Tributes were paid to the ''long and courageous life'' of Harry Patch
The funeral service for Britain's last surviving World War I veteran Harry Patch who died aged 111 has taken place at Wells Cathedral in Somerset.
Thousands of people lined the streets of Wells as his coffin was taken to the cathedral where the service was relayed on big screens to crowds outside.
At the end of the funeral service two bugles sounded the Last Post.
Mr Patch's coffin has been taken from the cathedral for a private burial in accordance with his wishes.
Mr Patch, who was born in 1898 in Combe Down, near Bath, died on 25 July at Fletcher House care home in Wells, Somerset, south west England.
Harry Patch was the oldest man in Europe when he died aged 111
He was the last surviving soldier to have fought in the trenches during the Great War.
At the time of his death Mr Patch was the oldest man in Europe, following the death exactly a week earlier of 113-year-old Henry Allingham, from East Sussex, who had been the world's oldest man.
Representatives from the Belgian, French and German governments all took part in the service to show Mr Patch's respect for soldiers on all sides of the war.
Marie-France Andri, Belgian Charge D'Affaires, read from Harry Patch's memoir The Last Fighting Tommy.
Pensioner Jim Ross, speaking on behalf of Mr Patch's friends, said: "He realised he was one of a dwindling band and that as that band decreased in numbers, he was becoming more and more significant.
By Jon Kay, BBC News, in Wells
With dramatic timing, the sky turned black and the heavens opened at the very moment Harry Patch's coffin emerged from Wells Cathedral.
But, rather than dash for cover, the huge crowd on the Green outside stood perfectly still and applauded the hearse in the pouring rain.
Wells is England's smallest city, but it didn't feel like that today.
Thousands of people lined the narrow streets - six or seven deep in places.
One thing that struck me was how young many of the mourners were here - teenagers, who are the same age as Harry when he was sent to the trenches.
I spotted one young man wearing surfing shorts and a black tie. Harry would have smiled and approved.
I was also struck by the number of people who had travelled here from across Europe.
He wanted his funeral service to be about peace and reconciliation between nations.
"He had the choice of either creeping away into the background or making his message known.
"Harry knew that by speaking out, the memories would come back, the demons I call them, would come back to torment and torture him.
"I believe they did, but I believe Harry made the decision because he wanted to get his message broadcast.
"His prime message is that we should settle disputes by negotiation and compromise, not by war."
Soldiers from four countries acted as pall bearers for the coffin which was applauded by crowds of people as it was driven through the city of Wells.
Speaking during the service the Very Reverend John Clarke, Dean of Wells said: "Harry was an ordinary Somerset man, a plumber who tended his vegetable gardens, looked after his chickens but he became extraordinary, someone who was an icon for our nation and for western Europe."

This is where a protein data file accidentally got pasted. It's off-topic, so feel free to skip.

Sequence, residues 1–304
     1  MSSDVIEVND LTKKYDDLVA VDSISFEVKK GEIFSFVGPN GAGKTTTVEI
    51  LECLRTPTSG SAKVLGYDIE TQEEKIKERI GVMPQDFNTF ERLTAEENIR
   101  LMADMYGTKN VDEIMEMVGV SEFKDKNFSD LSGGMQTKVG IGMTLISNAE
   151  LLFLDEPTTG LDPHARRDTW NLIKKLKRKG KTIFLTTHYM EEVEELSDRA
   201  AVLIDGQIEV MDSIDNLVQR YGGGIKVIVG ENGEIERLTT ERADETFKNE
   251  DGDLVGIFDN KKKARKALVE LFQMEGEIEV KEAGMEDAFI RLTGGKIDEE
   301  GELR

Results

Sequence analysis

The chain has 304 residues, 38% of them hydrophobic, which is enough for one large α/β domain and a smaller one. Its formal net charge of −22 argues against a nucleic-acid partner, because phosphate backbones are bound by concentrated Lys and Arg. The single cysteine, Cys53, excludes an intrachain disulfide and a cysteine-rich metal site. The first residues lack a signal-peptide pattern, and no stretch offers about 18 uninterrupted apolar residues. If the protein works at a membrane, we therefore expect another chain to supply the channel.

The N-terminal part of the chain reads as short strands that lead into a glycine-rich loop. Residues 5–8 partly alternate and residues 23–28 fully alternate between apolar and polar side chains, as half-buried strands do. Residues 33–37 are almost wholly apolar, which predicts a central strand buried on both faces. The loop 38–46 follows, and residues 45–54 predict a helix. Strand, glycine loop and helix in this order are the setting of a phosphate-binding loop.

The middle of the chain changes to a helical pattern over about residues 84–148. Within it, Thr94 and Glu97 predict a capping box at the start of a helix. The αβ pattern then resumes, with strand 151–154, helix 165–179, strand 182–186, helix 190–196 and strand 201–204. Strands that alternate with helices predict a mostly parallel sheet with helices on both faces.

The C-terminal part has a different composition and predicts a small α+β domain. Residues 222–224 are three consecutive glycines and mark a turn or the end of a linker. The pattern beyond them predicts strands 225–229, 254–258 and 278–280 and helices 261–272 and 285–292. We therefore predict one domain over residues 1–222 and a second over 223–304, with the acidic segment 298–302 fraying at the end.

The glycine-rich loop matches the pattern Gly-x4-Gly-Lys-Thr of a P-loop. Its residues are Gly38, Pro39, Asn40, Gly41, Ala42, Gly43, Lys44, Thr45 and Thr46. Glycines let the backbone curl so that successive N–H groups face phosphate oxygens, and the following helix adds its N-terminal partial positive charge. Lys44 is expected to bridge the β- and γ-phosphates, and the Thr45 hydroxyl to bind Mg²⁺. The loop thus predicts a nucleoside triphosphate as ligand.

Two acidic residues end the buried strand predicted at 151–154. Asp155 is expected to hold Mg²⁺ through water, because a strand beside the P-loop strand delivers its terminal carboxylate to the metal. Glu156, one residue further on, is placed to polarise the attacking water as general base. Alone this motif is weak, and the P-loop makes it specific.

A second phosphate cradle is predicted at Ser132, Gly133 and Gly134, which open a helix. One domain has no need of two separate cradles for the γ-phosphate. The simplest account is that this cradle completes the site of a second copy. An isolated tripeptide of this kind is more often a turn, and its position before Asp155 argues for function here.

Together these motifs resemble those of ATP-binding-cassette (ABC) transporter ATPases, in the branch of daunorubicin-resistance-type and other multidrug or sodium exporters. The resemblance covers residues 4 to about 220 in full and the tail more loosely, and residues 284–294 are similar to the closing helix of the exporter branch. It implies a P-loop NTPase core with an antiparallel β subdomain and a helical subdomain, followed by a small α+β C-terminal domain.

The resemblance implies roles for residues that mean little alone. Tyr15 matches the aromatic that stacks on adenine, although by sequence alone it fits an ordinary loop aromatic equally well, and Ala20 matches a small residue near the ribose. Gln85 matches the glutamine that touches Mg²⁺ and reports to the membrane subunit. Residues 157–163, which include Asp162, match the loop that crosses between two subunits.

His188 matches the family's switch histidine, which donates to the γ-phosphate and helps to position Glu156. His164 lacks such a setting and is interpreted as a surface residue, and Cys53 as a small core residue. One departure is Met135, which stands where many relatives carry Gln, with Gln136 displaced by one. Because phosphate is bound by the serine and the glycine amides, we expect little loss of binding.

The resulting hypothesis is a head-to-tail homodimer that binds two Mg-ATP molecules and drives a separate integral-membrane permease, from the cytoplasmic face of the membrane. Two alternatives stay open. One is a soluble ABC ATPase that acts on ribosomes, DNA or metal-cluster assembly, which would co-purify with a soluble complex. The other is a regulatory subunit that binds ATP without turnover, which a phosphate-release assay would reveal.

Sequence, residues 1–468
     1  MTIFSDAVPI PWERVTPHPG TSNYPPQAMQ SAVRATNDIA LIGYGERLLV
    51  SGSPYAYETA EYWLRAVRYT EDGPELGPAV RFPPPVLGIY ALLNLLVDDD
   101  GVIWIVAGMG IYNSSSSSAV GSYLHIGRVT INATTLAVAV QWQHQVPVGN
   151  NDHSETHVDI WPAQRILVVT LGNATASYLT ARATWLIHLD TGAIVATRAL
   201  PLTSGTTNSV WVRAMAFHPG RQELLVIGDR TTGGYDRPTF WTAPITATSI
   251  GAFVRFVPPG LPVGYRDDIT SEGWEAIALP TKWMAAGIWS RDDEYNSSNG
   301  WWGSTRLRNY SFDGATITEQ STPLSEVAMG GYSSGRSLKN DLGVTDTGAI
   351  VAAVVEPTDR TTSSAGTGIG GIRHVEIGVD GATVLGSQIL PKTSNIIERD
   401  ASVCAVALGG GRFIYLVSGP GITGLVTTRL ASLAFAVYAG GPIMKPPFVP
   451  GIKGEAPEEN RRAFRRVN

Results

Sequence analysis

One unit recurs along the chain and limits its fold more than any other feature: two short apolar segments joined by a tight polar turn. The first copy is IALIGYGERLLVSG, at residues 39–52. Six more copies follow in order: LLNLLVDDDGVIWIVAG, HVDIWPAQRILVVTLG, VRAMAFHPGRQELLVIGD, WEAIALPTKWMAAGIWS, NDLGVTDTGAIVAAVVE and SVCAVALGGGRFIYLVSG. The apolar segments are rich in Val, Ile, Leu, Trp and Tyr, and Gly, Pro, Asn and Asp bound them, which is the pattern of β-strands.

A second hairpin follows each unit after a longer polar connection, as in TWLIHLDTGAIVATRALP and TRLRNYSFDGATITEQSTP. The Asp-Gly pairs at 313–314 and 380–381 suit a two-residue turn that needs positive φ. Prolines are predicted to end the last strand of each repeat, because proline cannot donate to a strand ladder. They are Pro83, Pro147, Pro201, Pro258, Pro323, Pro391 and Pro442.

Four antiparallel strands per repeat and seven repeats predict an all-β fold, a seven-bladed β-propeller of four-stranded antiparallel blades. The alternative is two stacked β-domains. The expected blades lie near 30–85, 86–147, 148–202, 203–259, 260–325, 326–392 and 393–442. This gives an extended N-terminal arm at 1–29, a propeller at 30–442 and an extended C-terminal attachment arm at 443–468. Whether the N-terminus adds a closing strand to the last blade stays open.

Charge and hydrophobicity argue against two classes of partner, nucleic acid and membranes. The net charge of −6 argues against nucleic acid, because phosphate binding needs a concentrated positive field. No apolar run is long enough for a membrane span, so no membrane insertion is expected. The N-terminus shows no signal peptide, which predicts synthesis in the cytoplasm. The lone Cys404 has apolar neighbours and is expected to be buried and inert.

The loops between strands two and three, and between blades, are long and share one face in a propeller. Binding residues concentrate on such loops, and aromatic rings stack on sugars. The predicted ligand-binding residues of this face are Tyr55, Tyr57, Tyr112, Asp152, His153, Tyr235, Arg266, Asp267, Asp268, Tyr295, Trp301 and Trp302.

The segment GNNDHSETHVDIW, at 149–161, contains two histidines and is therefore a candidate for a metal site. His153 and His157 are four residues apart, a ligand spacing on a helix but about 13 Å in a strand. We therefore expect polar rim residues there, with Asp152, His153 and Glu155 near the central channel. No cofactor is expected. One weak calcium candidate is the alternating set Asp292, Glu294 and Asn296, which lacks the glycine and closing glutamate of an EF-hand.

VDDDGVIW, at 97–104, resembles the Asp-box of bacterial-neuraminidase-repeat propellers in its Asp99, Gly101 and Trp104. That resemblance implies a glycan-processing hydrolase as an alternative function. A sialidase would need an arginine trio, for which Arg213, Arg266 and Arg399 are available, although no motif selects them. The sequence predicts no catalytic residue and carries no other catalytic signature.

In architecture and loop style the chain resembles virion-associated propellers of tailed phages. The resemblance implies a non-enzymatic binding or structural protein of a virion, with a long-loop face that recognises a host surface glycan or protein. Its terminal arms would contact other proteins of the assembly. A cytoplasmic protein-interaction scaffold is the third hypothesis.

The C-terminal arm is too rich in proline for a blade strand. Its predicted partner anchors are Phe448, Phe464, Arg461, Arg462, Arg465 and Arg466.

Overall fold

Veterans Minister Kevan Jones said: "Today marks the passing of a generation, and of a man who dedicated his final years to spreading the message of peace and reconciliation.
Harry Patch's coffin was carried into Wells Cathedral by soldiers
"Active participation in the Great War is now no longer part of living memory in this country, but Harry Patch will continue to be a symbol of the bravery and sacrifice shown by him and those he served with."
His great-nephew David Tucker, from Devizes, Wiltshire, said: "I feel extremely proud to have carried Harry's medals today.
"Echoing Harry's message of peace and reconciliation, I felt I was carrying the medals of all those who fought in the Great War, reflecting the service, dedication and sacrifice they gave to their countries."
Harry's words of peace remembered
Mr Patch's coffin was carried by six private soldiers of the Rifles Regiment, the successor to Mr Patch's Regiment, the Duke of Cornwall's Light Infantry.
Two soldiers from the armies of Belgium, France and Germany also took part in the funeral.
The Ministry of Defence said the involvement of soldiers from France, Belgium and Germany symbolised Mr Patch's desire for reconciliation and his view that, "irrespective of the uniforms we wore, we were all victims".
The Duchess of Cornwall and Duchess of Gloucester attended the funeral service.
Mr Patch, who left school at the age of 15 to train as a plumber, was a machine-gunner in the trenches and served as a private from June to September 1917.
He was married twice, first in 1919 in Hadley, Shropshire, to Ada - a marriage which lasted 60 years - and then to Jean when he was 81.
From 2003 he had a third partner, Doris, who lived in the same care home and died two years ago.
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